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    The ‘Old Line State’ is well known for the Baltimore Ravens, soft crabs and abundant waterways. It’s also known as ‘America in miniature’ because of its historical significance. Here are 10 facts about Maryland that you probably didn’t know.


    Maryland is famous for its delectable crabs smothered in Chesapeake Bay seasoning, for its ties to the great Edgar Allan Poe and for holding the Sailing Capital of the World.


    But did you know that in Maryland, judges wear red, crabs are blue, someone invented the Ouija board and jousting’s there, too?


    See how many fun facts about Maryland you know and read on to discover more about the history and culture of this magnificent state.


    Wonky Facts About Maryland


    From its founding in 1788, Maryland has held a unique presence in America, inspiring some of the most forward-thinking movements of the day. Presently, it proudly retains much of its rich heritage.


    1. Judges Wear Red


    The Wacky and the Weird: 10 Facts About Maryland You Probably Don’t Know - Jake's Moving and Storage

    When you picture a judge, you usually see the billowing black robes reminiscent of Severus Snape. Not so much in Maryland.

    There, judges in the Maryland Court of Appeals wear red or scarlet. The fashion choice derives from a connection to English Common Law.

    During the 14th century, England and Wales enjoyed a colorful assortment of robes that varied with the seasons. Scarlet was usually reserved for holy days or other important occasions.

    From there, the pendulum swings back and forth as color choice, style and beliefs transformed. It wasn’t until the early 1900s that a judge suggested the robes be returned to scarlet. Given its past use and the state’s affection for history, the color was adopted.

    Two hundred years after scarlet robes quit being worn in Maryland’s highest court, they sprang to life once more behind the gavel.

    2. The Opening of the First US School

    Education has always been a prominent and ever-influencing factor in Maryland culture, regardless of the century being researched. Therefore, it may come as no surprise to learn that the state was responsible for opening the first ever US school.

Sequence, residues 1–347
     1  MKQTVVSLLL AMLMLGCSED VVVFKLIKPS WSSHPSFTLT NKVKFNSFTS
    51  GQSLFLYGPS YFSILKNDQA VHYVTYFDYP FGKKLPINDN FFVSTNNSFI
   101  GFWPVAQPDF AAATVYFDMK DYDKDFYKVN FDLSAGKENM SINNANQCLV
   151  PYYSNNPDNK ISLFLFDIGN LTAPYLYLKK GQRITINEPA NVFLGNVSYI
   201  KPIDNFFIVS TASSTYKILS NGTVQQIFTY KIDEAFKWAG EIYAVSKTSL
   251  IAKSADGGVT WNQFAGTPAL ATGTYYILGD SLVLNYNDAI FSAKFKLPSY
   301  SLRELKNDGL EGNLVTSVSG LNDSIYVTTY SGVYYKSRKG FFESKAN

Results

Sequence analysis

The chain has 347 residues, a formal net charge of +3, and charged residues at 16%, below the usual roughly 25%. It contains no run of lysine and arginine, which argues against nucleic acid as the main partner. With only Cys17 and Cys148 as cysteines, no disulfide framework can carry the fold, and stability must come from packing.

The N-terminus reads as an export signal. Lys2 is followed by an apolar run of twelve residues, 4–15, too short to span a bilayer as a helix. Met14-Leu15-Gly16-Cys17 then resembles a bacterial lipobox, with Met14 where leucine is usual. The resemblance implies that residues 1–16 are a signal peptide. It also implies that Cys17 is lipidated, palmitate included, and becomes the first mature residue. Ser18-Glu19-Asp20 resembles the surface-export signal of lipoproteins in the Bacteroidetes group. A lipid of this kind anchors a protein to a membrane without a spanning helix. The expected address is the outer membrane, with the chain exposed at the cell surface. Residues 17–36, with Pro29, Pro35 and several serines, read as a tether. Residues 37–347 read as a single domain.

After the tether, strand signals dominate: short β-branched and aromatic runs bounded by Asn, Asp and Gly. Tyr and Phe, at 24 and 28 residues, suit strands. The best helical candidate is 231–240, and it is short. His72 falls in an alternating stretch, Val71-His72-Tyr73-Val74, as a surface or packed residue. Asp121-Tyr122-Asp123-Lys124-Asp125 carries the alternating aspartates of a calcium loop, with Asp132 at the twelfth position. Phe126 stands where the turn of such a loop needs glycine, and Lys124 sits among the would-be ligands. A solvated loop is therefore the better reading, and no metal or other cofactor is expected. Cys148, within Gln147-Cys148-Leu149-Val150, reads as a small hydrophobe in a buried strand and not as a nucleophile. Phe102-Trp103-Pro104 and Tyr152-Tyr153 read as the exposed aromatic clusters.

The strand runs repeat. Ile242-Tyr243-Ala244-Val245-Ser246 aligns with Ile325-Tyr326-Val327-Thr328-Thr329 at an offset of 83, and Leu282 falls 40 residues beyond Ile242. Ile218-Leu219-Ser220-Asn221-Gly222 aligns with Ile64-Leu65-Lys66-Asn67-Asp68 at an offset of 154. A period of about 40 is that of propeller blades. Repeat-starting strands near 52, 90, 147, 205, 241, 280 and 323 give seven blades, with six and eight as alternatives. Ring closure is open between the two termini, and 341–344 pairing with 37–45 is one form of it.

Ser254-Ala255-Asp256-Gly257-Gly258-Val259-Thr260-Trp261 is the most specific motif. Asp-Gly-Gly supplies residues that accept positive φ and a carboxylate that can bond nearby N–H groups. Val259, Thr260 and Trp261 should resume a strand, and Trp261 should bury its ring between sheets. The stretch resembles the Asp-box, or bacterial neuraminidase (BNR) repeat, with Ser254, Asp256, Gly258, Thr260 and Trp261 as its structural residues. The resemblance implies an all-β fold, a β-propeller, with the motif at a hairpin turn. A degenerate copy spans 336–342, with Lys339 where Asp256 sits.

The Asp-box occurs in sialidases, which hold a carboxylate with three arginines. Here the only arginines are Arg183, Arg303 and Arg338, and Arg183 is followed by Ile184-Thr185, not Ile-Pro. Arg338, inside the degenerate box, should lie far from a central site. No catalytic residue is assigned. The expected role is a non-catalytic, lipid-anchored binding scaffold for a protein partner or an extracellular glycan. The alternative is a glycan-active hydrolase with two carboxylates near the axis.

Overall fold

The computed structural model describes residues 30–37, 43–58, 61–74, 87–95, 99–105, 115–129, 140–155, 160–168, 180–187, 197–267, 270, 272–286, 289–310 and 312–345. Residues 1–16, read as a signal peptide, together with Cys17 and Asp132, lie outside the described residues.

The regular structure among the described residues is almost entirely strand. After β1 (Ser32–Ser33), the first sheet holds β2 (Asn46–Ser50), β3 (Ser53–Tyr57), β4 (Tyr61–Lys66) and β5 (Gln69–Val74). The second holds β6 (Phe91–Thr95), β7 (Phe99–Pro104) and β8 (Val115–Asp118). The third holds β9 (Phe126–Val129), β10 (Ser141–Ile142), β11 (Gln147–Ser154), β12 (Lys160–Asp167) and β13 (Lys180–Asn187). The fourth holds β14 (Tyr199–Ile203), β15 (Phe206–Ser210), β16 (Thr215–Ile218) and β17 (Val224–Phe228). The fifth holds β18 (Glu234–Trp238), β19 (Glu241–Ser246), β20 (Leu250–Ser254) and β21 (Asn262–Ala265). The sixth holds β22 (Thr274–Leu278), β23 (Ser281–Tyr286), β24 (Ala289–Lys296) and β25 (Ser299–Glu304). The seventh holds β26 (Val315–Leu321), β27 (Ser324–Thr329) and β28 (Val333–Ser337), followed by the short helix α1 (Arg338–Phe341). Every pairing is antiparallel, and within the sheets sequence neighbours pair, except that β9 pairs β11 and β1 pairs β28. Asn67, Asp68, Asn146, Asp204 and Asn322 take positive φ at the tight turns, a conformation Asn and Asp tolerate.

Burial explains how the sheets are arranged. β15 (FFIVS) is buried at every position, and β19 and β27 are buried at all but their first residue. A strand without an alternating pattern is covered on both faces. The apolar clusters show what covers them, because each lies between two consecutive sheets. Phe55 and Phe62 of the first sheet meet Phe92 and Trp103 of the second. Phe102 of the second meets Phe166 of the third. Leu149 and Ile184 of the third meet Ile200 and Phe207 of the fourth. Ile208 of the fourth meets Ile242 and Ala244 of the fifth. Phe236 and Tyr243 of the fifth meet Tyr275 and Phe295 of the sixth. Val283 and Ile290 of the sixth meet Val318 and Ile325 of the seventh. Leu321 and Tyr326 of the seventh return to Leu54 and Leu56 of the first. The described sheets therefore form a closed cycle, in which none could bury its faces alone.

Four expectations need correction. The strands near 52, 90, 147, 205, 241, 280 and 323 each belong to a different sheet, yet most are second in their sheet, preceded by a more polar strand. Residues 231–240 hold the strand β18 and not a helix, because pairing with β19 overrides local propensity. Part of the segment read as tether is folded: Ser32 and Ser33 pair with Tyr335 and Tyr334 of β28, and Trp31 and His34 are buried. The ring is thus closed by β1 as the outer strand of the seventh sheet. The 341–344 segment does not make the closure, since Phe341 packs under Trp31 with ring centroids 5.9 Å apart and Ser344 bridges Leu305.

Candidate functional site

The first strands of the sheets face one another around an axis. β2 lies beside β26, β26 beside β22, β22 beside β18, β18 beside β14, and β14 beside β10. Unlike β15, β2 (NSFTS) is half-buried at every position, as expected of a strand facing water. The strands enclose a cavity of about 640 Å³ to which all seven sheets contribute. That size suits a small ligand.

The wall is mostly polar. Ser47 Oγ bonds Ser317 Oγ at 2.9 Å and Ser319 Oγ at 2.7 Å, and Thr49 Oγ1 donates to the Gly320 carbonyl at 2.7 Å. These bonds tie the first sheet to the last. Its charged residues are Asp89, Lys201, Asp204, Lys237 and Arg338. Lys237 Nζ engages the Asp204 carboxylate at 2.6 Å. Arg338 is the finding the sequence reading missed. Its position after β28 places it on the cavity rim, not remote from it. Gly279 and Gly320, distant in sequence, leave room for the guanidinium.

The Boston Latin School opened in 1635, and it was considered the first public school in what would become the US. John Hancock and Samuel Adams graduated from here. Even Benjamin Franklin attended, but he dropped out before graduating.

    3. Home to Several Past Capitals

    Washington DC did not become our nation’s capital until 1790. Previous, several other cities had the honor, including Annapolis and Baltimore.

    After British troops overtook Philadelphia, America’s temporary capital in 1776, the Continental Congress moved headquarters to Baltimore. From there, capitals moved through Pennsylvania and New Jersey before moseying back to Maryland in one of its most well-known cities: Annapolis.

    It was there Washington gave his resignation speech and the Treaty of Paris was ratified. Today, the Maryland State House remains as the nation’s oldest state capitol still being used.

    4. Birthplace of Harriet Tubman

    Most everyone knows the story of Harriet Tubman, the slave who escaped to the North, taking over 300 indentured humans with her.

    Tubman was born in Dorchester County, and eventually, she became one of the leading abolitionists the world would ever know. After rumors spread she was going to be sold, Tubman became a fugitive with her two children. They made their way to the North, using much of Maryland’s Underground Railroad, and to freedom.